- The Washington Times - Friday, August 1, 2003

TIKRIT, Iraq — U.S. forces grabbed two “important associates of the former regime” napping in their homes yesterday, seizing documents and photographs they hoped would help the search for Saddam Hussein.

Also, a tape attributed to the former dictator urged Iraqis to join the anti-American insurgency and vowed Saddam would return to power “at any moment.”

In Jordan, one of Saddam’s daughters told an Arab satellite station that Baghdad’s swift fall to U.S.-led coalition forces on April 9 was a “great shock” caused by a “very strong” betrayal by associates of her father.

“With regret, those my father trusted, whom he had put his absolute confidence in and whom he had considered on his side — as I understood from the newspapers — betrayed him,” Raghad Saddam Hussein told the station Al Arabiya.

“They betrayed their country, before [they betrayed] Saddam Hussein or his family,” she said. Raghad and her sister, Rana, were granted sanctuary in Jordan on Thursday on “humanitarian grounds,” the Jordanian government said.

About 100 soldiers from the 4th Infantry Division carried out simultaneous raids yesterday afternoon in Saddam’s hometown of Tikrit. They captured the men, who were being tracked for days, without many problems — partly because both were napping in the afternoon heat, commanders said.

The military did not identify the captives, but Lt. Col. Steve Russell called them “important associates of the former regime.” Soldiers seized documents and photographs from the houses, but Col. Russell said it was too soon to say how valuable they were.

“I think it does bring us closer [to capturing Saddam],” he said. “We believe the information they may possess will further help destroy the regime.”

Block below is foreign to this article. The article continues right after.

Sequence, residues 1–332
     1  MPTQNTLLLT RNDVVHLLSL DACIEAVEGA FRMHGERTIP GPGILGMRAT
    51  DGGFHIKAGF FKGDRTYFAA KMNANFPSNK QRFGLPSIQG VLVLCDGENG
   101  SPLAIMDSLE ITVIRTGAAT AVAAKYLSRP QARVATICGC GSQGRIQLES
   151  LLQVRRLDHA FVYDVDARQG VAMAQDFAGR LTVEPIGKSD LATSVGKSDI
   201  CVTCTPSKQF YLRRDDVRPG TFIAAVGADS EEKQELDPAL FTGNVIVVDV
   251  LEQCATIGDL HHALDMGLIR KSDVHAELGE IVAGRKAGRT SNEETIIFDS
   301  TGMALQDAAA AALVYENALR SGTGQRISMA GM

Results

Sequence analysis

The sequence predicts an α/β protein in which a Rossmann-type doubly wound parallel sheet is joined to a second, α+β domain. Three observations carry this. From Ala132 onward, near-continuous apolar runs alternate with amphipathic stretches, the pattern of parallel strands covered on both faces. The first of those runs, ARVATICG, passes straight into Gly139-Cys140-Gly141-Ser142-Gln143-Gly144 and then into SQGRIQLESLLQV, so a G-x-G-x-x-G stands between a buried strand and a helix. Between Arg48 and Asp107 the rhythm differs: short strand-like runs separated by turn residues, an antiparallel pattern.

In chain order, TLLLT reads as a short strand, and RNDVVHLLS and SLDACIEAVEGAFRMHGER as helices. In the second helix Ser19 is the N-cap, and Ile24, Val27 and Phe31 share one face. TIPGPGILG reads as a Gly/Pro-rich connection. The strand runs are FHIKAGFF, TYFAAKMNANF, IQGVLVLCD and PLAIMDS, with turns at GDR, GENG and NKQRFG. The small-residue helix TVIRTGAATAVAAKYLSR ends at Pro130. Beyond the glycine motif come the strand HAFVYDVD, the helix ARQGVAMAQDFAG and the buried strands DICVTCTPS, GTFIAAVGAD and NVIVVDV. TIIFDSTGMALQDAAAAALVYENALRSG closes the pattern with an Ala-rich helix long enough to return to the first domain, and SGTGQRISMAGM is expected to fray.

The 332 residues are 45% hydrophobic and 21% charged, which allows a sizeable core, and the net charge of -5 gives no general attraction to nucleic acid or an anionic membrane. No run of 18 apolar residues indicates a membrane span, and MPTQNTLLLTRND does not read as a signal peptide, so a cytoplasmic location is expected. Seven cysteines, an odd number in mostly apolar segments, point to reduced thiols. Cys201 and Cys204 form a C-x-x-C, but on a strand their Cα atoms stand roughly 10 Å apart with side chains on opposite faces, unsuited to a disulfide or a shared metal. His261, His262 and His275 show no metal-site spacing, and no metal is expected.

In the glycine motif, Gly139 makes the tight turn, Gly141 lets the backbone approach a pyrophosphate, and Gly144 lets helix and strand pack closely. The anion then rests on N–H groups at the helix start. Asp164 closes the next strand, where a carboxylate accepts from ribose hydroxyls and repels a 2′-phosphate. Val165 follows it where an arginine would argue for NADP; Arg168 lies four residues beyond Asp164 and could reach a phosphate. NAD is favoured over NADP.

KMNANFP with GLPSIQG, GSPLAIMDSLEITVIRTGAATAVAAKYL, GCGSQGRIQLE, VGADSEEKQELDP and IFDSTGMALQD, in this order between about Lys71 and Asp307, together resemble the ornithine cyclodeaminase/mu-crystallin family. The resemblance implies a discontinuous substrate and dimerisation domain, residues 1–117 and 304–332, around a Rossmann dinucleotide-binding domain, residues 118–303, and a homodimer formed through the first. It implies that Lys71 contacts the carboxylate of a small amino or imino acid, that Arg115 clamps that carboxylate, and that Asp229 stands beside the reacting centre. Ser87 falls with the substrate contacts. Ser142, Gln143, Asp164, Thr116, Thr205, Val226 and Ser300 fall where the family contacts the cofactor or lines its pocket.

The two men emerged peacefully from the homes, separated by a vacant lot. One was luxurious with modern fittings, the other ramshackle with slit windows. No weapons were found in the homes, the military said.

Earlier, the Arab television network Al Jazeera broadcast an audiotape purportedly carrying the voice of Saddam speaking Sunday. The voice sounded like Saddam’s but there was no way immediately to confirm its authenticity.

The speaker issued a new call to arms and said people who participated in the rampant looting of government property as the war wound down should not worry about retribution when Saddam defeats the American occupation.

“We have decided to consider all the properties of the party and the government a gift to whoever has it, to use as they see fit, to keep or to sell without any restrictions, free from any legal constraints, now or in the future,” the voice said.

Meanwhile, the U.S. military said insurgents were not involved with an explosion along a natural-gas pipeline near Baiji, 75 miles north of Baghdad, which burned for a second day yesterday. Maj. Michael Panciera said the Americans believed Thursday night’s explosion was accidental.

Two Republican members of Congress, House Majority leader Tom DeLay of Texas and Rep. Ander Crenshaw of Florida, toured Baghdad in a long convoy accompanied overhead by Apache attack helicopters yesterday.

Mr. DeLay criticized both Iraqis and Americans for being too impatient to see improvements in Iraqis’ lives. Open shops and available merchandise on Baghdad’s streets showed the country was rebuilding slowly, he said.

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